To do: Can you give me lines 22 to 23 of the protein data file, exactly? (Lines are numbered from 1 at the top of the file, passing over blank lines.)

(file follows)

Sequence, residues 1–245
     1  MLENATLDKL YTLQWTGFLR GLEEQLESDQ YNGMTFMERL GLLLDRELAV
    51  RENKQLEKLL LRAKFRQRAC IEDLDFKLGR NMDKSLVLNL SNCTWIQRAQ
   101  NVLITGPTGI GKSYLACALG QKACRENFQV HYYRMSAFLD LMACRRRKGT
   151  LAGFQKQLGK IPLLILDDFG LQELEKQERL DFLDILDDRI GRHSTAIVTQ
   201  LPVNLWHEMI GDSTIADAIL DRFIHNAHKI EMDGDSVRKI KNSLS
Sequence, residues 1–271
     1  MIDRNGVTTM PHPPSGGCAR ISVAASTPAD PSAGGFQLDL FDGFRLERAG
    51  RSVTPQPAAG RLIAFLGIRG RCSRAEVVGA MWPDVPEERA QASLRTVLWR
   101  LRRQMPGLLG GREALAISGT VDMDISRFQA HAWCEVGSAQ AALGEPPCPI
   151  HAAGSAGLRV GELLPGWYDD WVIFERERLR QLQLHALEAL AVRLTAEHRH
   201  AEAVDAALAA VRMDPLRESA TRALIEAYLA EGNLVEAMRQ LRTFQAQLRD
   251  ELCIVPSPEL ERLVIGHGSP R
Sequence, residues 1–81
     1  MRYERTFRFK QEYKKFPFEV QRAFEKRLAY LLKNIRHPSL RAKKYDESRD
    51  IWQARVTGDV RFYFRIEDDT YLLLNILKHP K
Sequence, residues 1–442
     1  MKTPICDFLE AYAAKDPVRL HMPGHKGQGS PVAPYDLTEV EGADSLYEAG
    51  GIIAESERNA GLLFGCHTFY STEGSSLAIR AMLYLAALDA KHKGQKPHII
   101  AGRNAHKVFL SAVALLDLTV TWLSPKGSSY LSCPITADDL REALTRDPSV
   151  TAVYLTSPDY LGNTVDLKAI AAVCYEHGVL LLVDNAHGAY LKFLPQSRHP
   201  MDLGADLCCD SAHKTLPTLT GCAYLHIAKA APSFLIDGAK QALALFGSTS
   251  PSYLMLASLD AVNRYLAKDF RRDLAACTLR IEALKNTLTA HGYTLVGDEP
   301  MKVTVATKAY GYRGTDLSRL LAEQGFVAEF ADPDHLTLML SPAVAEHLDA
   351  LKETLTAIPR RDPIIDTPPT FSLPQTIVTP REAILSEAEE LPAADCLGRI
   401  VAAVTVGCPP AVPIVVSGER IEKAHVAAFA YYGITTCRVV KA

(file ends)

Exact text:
   201  MDLGADLCCD SAHKTLPTLT GCAYLHIAKA APSFLIDGAK QALALFGSTS
   251  PSYLMLASLD AVNRYLAKDF RRDLAACTLR IEALKNTLTA HGYTLVGDEP